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- Attorney General J.B. Van Hollen announced today that he, along with 42 other Attorneys General, reached a $33 million dollar settlement with Pfizer Inc. related to the alleged improper marketing of the antipsychotic drug Geodon. In a complaint soon to be filed in court along with the settlement agreement, Attorney General J.B. Van Hollen alleges that Pfizer engaged in unfair and deceptive practices when it marketed Geodon for off-label uses. Pfizer has agreed to change how it markets Geodon and to cease promoting its "off-label" uses, which are not approved by the U.S. Food and Drug Administration (FDA).
"Companies who do business in Wisconsin must follow our consumer protection laws. Together with my fellow Attorneys General, I will continue to monitor the industry for inappropriate and illegal promotion of off-label products," said Attorney General J.B. Van Hollen.
Geodon is the brand name for the prescription drug ziprasidone. The drug has been approved by the FDA for treatment of schizophrenia in adults and for manic or mixed episodes of bipolar disorder in adults. However, Pfizer promoted Geodon for a number of off-label uses, including promoting Geodon for pediatric use and for use at higher than FDA-approved dosages. While a physician is allowed to prescribe drugs for off-label uses, federal law prohibits pharmaceutical manufacturers from marketing their products for off-label uses.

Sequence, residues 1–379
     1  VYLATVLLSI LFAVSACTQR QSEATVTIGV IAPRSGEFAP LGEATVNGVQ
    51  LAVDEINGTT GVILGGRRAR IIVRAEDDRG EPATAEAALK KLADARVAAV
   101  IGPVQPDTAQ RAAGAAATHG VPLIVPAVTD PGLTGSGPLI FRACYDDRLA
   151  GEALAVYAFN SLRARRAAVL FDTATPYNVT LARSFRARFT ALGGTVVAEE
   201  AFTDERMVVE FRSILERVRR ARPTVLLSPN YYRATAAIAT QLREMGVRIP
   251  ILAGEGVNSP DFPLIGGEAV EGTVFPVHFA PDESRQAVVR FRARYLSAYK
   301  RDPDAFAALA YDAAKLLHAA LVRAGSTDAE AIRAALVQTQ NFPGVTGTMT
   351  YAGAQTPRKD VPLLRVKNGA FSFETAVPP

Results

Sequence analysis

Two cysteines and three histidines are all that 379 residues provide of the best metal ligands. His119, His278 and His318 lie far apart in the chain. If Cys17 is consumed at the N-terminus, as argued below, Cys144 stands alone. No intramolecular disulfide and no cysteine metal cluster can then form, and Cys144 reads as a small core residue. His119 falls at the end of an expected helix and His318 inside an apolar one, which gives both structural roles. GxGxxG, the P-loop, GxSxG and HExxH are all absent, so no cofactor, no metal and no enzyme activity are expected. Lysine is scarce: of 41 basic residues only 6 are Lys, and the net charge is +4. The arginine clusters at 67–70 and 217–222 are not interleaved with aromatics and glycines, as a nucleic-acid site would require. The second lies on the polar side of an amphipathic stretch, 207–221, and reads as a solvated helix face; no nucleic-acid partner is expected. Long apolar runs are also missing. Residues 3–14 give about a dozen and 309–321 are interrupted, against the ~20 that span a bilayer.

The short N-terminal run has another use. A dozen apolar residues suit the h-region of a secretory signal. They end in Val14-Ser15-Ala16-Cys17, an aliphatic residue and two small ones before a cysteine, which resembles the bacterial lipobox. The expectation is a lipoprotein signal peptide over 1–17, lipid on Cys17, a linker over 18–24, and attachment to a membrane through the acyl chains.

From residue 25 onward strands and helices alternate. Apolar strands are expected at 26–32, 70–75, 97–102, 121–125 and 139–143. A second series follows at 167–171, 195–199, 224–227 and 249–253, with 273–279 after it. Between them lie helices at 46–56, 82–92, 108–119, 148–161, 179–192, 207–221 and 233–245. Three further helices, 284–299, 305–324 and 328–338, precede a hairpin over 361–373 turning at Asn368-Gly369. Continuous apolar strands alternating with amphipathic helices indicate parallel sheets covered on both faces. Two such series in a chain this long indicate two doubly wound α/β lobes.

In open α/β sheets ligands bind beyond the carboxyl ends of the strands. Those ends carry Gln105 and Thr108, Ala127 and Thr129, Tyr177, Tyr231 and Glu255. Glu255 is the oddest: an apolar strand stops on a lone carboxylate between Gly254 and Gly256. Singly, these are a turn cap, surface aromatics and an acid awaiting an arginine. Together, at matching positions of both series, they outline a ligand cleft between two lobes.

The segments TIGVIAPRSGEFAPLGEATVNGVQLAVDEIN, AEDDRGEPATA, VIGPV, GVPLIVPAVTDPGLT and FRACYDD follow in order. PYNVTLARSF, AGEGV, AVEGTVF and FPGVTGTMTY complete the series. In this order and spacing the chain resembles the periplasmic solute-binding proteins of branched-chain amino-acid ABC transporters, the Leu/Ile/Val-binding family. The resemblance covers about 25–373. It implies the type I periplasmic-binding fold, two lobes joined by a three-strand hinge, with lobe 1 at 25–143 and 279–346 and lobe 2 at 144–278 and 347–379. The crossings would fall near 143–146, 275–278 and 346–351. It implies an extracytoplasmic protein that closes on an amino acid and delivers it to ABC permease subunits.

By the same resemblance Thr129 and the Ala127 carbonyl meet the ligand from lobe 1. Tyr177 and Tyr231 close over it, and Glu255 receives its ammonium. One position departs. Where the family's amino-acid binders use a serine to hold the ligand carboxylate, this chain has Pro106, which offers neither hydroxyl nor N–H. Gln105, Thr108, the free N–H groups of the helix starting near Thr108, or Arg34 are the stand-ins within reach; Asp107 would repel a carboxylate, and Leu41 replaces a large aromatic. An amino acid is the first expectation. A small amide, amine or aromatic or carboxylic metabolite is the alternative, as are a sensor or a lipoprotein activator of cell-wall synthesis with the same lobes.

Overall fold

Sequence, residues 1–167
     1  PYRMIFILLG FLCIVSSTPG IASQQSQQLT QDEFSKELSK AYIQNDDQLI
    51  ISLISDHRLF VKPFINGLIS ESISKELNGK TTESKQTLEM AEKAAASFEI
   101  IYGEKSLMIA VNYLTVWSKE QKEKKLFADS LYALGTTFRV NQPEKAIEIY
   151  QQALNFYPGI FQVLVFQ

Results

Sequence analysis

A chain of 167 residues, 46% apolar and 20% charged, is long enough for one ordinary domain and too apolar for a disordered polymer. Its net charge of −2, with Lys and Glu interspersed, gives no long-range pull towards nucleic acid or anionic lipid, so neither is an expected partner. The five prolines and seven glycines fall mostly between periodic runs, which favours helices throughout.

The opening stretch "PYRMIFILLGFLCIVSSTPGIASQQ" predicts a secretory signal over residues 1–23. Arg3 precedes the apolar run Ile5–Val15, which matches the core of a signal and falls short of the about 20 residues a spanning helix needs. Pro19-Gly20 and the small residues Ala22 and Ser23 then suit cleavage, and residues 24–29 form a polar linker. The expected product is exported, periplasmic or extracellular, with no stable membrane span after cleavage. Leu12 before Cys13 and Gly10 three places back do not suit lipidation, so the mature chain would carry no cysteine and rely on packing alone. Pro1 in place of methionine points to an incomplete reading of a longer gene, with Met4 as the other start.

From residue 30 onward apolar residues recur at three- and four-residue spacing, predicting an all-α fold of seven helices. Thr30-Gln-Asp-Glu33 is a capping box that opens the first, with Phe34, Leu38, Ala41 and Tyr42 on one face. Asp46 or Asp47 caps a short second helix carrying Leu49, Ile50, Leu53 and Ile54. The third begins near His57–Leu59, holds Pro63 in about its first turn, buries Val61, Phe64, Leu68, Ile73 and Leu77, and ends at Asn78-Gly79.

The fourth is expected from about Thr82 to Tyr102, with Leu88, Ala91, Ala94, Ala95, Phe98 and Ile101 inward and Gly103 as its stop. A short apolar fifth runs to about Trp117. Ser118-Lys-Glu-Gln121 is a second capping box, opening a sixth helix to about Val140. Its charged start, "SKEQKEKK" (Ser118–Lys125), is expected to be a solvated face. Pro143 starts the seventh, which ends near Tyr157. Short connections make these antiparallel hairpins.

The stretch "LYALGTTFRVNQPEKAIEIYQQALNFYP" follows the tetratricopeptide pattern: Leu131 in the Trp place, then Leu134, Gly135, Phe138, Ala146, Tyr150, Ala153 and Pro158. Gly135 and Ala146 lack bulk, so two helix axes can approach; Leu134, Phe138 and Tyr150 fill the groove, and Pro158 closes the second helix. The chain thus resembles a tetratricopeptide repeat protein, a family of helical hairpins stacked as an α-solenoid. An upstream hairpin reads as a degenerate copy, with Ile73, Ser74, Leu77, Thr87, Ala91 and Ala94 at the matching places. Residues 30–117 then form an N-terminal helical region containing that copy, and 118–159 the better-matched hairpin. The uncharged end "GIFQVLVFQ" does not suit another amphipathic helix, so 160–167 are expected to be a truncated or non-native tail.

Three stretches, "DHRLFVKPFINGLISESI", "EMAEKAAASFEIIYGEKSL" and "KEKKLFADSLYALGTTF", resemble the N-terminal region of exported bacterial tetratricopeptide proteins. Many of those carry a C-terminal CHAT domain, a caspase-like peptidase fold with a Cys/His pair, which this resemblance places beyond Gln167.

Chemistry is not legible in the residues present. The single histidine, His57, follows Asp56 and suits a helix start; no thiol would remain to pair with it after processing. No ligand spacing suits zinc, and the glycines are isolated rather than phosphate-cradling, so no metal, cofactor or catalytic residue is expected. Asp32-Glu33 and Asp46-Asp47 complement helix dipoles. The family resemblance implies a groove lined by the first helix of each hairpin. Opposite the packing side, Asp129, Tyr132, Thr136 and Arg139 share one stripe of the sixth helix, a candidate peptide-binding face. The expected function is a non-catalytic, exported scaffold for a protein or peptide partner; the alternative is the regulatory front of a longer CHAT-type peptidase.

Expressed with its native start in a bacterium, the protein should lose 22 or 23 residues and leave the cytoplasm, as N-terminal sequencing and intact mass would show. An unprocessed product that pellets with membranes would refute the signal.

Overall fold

The settlement mandates that Pfizer shall:
The settlement also mandates that for a nine-year time period extending beyond the patent term for Geodon, Pfizer shall:
For a six-year period, Pfizer must:
The State of Wisconsin will receive $749,600 as a result of this settlement.
The Attorneys General from Delaware and Maryland led the Executive Committee States' negotiation of the settlement of Pfizer's marketing and promotional practices. The Executive Committee States include Arizona, Colorado, Delaware, District of Columbia, Florida, Kentucky, Maryland, Massachusetts, North Carolina, Ohio, and Pennsylvania. The participating states in the settlement are: Alabama, Arkansas, Arizona, California, Colorado, Connecticut, District of Columbia, Florida, Hawaii, Idaho, Illinois, Iowa, Kansas, Kentucky, Louisiana, Maine, Massachusetts, Michigan, Minnesota, Missouri, Montana, Nebraska, Nevada, New Hampshire, New Jersey, New Mexico, New York, North Carolina, North Dakota, Ohio, Oklahoma, Pennsylvania, Rhode Island, South Dakota, Tennessee, Texas, Vermont, Washington, West Virginia, and Wisconsin.
Assistant Attorney General Lara Sutherlin handled the case for the State of Wisconsin.